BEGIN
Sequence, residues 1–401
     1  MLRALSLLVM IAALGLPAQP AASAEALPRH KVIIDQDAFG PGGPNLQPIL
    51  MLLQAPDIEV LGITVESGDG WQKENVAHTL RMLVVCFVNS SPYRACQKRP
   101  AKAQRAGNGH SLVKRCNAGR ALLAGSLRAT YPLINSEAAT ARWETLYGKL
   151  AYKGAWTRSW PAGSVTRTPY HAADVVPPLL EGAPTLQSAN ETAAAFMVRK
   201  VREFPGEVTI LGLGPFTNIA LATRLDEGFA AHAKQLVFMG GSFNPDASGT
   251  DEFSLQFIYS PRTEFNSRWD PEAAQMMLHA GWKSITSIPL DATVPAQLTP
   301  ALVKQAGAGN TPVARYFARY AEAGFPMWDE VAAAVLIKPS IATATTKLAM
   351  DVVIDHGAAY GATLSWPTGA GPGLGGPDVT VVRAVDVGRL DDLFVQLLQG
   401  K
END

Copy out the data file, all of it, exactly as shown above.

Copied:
Sequence, residues 1–401
     1  MLRALSLLVM IAALGLPAQP AASAEALPRH KVIIDQDAFG PGGPNLQPIL
    51  MLLQAPDIEV LGITVESGDG WQKENVAHTL RMLVVCFVNS SPYRACQKRP
   101  AKAQRAGNGH SLVKRCNAGR ALLAGSLRAT YPLINSEAAT ARWETLYGKL
   151  AYKGAWTRSW PAGSVTRTPY HAADVVPPLL EGAPTLQSAN ETAAAFMVRK
   201  VREFPGEVTI LGLGPFTNIA LATRLDEGFA AHAKQLVFMG GSFNPDASGT
   251  DEFSLQFIYS PRTEFNSRWD PEAAQMMLHA GWKSITSIPL DATVPAQLTP
   301  ALVKQAGAGN TPVARYFARY AEAGFPMWDE VAAAVLIKPS IATATTKLAM
   351  DVVIDHGAAY GATLSWPTGA GPGLGGPDVT VVRAVDVGRL DDLFVQLLQG
   401  K